SAN FRANCISCO — Steph Curry practiced with the Warriors on Friday morning and there’s a chance he’ll return to their lineup for Saturday night’s rematch with the Oklahoma City Thunder.
Head coach Steve Kerr said Steph looked good in practice and should be considered questionable for Saturday while he recovers from a sprained knee. He’s missed the last two games.
“Some of it will depend on how he responds to today’s practice,” Kerr said.
The Warriors will certainly be without Gary Payton II as he recovers from an ankle sprain suffered in the team’s 128-109 loss to the Thunder on Thursday. An MRI revealed no major damage, “but there were some things on the MRI that he felt, in terms of pain, to rule him out for tomorrow.”
Kerr said Payton won’t be out long and he’s considered day-to-day.
The Warriors are also without Draymond Green, who will be out for the rest of the homestand while he serves his five-game suspension for putting Rody Gobert in a chokehold.
There might be temptation to blame their five-game losing streak on the absence of key players, but Kerr won’t take the bait. He said the Warriors have been searching for their identity all year.
He said he’s been particularly unhappy with the pace.
“We always had an identity here, pace and ball movement,” Kerr said. “Right now we’re (15th) in the league in pace and we’re not playing fast. The ball doesn’t feel like it’s moving well. I think those two things can go hand in hand.”
Watching the tape, Kerr said he too often sees his ball carriers moving slowly up the floor to to begin a possession.
“We’re walking the ball up the floor, sometimes even on missed shots,” he said. “We’re just jogging up the floor. We have to throw it ahead and create more advantages.”
He added, “It’s obviously way harder to create an advantage without Steph. But we have to be able to do so and those are the things we worked on (at practice) today.”
While Curry is out, rookie Brandin Podziemski has been getting more opportunities. Kerr has been loving what he’s seen from the 20-year-old shooting guard and said Podziemski could play some point guard at some point as well.
“The beauty of Brandon is he can play in any lineup or any spot,” Kerr said.
If the Warriors can get the best version of Jonathan Kuminga on a nightly basis, it could solve some of their problems in the attacking end.
Taking more direct routes to the basket without Green or Curry on the floor, Kuminga knocked down a season-high 21 points and six rebounds on Thursday night.
“I had a couple talks with certain people,” he said afterwards. “Just to keep me in check, keep motivating me. I felt like we were down a couple people and it’s something we really needed.”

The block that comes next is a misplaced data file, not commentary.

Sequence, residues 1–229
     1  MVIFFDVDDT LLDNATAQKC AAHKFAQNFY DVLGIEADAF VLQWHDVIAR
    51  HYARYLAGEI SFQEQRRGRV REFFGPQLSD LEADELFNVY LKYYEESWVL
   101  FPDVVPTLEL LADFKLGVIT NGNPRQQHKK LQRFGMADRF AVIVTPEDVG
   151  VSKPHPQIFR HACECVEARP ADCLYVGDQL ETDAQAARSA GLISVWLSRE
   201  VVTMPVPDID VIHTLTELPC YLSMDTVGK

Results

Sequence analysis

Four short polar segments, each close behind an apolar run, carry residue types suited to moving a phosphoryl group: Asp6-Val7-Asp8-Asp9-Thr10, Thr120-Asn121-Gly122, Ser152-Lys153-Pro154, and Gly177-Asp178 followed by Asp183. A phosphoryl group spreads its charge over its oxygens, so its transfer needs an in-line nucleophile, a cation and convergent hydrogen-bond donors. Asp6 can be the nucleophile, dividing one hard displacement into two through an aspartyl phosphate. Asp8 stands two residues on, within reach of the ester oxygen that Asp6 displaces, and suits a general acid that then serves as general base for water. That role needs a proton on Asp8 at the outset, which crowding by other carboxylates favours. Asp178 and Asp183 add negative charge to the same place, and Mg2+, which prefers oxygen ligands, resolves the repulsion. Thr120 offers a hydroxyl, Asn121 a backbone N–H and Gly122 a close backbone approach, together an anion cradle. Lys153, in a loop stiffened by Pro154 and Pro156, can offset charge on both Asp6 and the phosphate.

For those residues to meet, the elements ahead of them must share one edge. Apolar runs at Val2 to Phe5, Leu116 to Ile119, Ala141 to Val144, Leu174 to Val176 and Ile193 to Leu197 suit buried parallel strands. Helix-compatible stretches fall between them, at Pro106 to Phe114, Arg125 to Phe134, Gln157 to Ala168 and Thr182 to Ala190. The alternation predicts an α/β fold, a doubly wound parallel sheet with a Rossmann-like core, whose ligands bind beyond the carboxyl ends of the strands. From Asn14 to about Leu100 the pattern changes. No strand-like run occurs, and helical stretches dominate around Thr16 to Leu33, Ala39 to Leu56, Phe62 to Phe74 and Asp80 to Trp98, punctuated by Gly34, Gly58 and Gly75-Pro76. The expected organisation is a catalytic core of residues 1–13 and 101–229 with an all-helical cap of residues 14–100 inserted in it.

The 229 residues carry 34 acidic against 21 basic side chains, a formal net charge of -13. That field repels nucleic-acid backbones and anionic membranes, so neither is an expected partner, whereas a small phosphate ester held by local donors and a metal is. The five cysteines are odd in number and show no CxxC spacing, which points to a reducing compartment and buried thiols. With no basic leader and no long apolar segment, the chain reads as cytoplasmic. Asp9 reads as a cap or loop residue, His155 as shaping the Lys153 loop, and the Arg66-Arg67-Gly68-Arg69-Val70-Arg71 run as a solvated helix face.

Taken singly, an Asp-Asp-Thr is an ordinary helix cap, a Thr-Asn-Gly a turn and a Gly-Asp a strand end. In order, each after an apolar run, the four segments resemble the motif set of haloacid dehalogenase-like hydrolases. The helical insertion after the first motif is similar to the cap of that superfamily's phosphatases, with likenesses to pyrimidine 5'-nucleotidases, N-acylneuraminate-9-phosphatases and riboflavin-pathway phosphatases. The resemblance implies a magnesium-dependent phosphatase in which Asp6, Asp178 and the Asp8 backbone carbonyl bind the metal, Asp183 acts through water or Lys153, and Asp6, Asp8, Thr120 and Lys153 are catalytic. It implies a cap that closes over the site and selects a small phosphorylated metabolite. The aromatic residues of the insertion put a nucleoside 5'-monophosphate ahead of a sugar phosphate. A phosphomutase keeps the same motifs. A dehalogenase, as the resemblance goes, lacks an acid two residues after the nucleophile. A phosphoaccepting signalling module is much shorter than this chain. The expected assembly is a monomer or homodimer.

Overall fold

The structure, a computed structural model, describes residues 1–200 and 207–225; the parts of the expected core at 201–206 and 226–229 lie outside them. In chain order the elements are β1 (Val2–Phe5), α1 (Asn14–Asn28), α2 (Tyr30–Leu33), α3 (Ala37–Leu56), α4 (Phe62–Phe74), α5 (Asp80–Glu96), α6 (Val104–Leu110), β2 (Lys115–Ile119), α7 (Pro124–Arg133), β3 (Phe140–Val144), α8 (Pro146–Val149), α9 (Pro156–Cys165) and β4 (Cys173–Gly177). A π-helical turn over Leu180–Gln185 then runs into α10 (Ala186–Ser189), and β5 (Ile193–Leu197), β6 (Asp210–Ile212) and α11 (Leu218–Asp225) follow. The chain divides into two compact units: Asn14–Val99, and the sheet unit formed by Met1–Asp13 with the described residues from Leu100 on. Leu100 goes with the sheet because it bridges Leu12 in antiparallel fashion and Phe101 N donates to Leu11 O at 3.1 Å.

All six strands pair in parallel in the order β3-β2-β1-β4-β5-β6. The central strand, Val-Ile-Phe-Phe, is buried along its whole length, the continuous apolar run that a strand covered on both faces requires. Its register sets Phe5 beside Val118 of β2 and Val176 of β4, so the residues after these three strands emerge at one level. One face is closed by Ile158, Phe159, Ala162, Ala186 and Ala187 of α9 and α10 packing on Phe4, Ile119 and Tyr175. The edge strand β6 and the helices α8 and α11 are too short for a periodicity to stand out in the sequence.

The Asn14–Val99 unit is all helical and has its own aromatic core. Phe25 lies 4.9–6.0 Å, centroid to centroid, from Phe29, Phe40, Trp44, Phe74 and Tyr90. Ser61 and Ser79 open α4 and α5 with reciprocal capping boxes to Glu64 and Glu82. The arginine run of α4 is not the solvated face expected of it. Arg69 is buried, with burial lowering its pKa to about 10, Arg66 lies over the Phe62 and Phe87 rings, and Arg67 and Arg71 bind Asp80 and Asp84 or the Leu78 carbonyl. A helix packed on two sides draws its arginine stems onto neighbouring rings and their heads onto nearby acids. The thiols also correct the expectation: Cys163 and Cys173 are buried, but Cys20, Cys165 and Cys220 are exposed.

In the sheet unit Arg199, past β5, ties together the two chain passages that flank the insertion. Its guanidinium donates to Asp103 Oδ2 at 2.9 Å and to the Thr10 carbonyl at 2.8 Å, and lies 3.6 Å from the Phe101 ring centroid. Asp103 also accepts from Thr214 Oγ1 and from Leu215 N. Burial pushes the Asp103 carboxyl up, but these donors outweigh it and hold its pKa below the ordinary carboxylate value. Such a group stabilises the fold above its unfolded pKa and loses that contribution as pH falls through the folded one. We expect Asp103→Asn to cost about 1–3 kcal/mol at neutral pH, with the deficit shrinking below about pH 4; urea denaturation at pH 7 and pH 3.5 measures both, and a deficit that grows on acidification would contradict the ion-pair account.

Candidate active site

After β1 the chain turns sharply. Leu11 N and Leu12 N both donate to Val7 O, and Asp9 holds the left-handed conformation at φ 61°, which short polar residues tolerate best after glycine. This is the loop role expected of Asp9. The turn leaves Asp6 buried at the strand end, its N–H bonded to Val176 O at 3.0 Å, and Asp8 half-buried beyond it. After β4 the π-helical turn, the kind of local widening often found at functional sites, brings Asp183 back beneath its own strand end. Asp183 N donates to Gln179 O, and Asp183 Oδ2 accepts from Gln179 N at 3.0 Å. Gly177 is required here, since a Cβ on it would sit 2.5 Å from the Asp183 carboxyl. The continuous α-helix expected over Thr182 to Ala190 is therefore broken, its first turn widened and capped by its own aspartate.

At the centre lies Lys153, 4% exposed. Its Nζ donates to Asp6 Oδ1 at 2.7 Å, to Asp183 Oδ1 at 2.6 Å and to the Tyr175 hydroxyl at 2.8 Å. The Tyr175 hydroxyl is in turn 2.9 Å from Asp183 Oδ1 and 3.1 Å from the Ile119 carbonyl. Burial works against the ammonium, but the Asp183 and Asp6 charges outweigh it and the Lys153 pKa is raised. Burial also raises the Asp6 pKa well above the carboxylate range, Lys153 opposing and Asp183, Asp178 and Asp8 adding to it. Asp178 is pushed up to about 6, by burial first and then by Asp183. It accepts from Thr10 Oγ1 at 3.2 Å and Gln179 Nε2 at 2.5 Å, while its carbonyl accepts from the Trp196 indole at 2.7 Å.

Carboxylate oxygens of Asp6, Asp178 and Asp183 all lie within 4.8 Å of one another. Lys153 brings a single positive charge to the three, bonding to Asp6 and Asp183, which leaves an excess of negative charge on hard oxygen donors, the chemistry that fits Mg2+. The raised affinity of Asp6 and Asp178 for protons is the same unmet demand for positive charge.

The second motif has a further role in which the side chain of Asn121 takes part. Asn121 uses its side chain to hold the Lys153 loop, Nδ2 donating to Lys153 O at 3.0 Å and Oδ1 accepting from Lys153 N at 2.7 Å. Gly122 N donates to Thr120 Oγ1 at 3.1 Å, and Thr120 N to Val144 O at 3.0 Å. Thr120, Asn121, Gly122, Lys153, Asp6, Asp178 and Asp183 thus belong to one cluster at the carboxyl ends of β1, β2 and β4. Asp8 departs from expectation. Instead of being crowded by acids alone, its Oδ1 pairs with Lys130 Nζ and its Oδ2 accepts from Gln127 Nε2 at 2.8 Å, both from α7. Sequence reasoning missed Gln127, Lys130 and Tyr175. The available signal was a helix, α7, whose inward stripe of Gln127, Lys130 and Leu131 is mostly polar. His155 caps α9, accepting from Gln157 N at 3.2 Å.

Asked to follow up on what it means to keep him in check, he said, “just keeping me involved, clearing my mind.”
Kerr was asked about Kuminga’s mindset on Friday.
“JK is a young player so he’s going to be up and down a little bit,” the coach said. “The biggest thing with him is just to bring the focus and the energy and the force. When he’s going downhill on a drive or a cut, crashing the glass, it makes a huge impact. You feel his athleticism and his power. We need that.”
The 21-year-old led the NBA in preseason scoring with 109 points and was second with 21.8 points per game. He’s averaging 12.3 points per game since the regular season started.
“He makes our team way more dynamic,” said Kevon Looney. “Last night we saw that. He was getting to the rim, hitting 3s when he’s open, and attacking the paint.”
Looney said the guys have been telling him to “keep playing with a certain energy, which is big to him, just playing with a lot of pace… Sometimes when things aren’t going your way you kind of get in your own head sometimes. With him we just want him to stay confident, stay positive and keep going hard.”
Andrew Wiggins is still searching for some of that confidence.
The slumping forward said he’s trying to remind himself of how good of a player he’s been over 10 years in the NBA. Even if he’s averaging a career-low 10.5 points per game while shooting a career-low 13.5% from 3-point range.
Asked if he’s ever had a slump like this, he said, “No.”
“Just keep believing in myself, tell myself I’m here for a reason,” he said. “I’m in a funk. We still have 69 games left. Have a short-term memory and keep looking forward to the next game.”
Playing in the final season of his contract, Klay Thompson is another one looking for confidence.
A career 42% 3-point shooter, Thompson is shooting 33% from downtown in the early going. He went 1-for-6 from 3-point range and 1-for-10 from the field on Thursday.
“Klay has frequently started out seasons very cold,” Kerr said. “If you go back and look at his career, more often than not he has started it off slowly. I think what’s happening this year, the losing, when you combine a losing streak with a cold streak, that’s especially demoralizing, especially for a competitor like Klay. The guy lives and breathes for winning.
“Every season of his career when he’s gotten off to a slow start, he’s found it. There’s no doubt he’s going to find it.”